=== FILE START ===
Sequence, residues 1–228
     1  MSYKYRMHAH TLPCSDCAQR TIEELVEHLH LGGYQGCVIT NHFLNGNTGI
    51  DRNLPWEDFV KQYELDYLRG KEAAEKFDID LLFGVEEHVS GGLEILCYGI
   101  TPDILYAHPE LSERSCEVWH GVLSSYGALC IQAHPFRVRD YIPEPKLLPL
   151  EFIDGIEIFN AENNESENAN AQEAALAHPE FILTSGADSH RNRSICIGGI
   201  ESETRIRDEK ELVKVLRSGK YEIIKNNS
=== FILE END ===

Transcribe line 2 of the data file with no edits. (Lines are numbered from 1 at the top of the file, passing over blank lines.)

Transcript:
     1  MSYKYRMHAH TLPCSDCAQR TIEELVEHLH LGGYQGCVIT NHFLNGNTGI